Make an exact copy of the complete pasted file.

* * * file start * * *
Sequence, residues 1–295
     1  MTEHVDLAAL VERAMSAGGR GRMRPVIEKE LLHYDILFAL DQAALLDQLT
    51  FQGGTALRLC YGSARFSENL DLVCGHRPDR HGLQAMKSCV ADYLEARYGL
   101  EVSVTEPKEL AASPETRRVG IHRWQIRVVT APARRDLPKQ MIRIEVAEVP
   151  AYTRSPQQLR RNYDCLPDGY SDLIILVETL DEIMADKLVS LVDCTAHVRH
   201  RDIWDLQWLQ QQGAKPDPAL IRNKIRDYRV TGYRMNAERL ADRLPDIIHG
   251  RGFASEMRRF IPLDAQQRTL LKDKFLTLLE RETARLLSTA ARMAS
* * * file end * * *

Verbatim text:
Sequence, residues 1–295
     1  MTEHVDLAAL VERAMSAGGR GRMRPVIEKE LLHYDILFAL DQAALLDQLT
    51  FQGGTALRLC YGSARFSENL DLVCGHRPDR HGLQAMKSCV ADYLEARYGL
   101  EVSVTEPKEL AASPETRRVG IHRWQIRVVT APARRDLPKQ MIRIEVAEVP
   151  AYTRSPQQLR RNYDCLPDGY SDLIILVETL DEIMADKLVS LVDCTAHVRH
   201  RDIWDLQWLQ QQGAKPDPAL IRNKIRDYRV TGYRMNAERL ADRLPDIIHG
   251  RGFASEMRRF IPLDAQQRTL LKDKFLTLLE RETARLLSTA ARMAS